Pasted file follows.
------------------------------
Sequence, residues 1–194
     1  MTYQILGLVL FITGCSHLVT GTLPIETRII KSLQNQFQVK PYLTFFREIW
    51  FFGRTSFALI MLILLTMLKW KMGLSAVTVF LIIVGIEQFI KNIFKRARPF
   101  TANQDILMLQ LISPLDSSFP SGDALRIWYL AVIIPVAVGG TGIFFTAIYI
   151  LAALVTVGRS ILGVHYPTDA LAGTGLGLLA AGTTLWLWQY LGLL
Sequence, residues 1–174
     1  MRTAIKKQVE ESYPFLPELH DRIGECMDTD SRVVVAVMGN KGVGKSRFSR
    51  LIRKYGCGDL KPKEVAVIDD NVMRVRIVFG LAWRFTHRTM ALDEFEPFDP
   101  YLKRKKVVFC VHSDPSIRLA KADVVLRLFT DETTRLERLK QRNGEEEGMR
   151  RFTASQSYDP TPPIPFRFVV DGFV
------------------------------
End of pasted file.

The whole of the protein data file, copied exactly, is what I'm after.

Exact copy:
Sequence, residues 1–194
     1  MTYQILGLVL FITGCSHLVT GTLPIETRII KSLQNQFQVK PYLTFFREIW
    51  FFGRTSFALI MLILLTMLKW KMGLSAVTVF LIIVGIEQFI KNIFKRARPF
   101  TANQDILMLQ LISPLDSSFP SGDALRIWYL AVIIPVAVGG TGIFFTAIYI
   151  LAALVTVGRS ILGVHYPTDA LAGTGLGLLA AGTTLWLWQY LGLL
Sequence, residues 1–174
     1  MRTAIKKQVE ESYPFLPELH DRIGECMDTD SRVVVAVMGN KGVGKSRFSR
    51  LIRKYGCGDL KPKEVAVIDD NVMRVRIVFG LAWRFTHRTM ALDEFEPFDP
   101  YLKRKKVVFC VHSDPSIRLA KADVVLRLFT DETTRLERLK QRNGEEEGMR
   151  RFTASQSYDP TPPIPFRFVV DGFV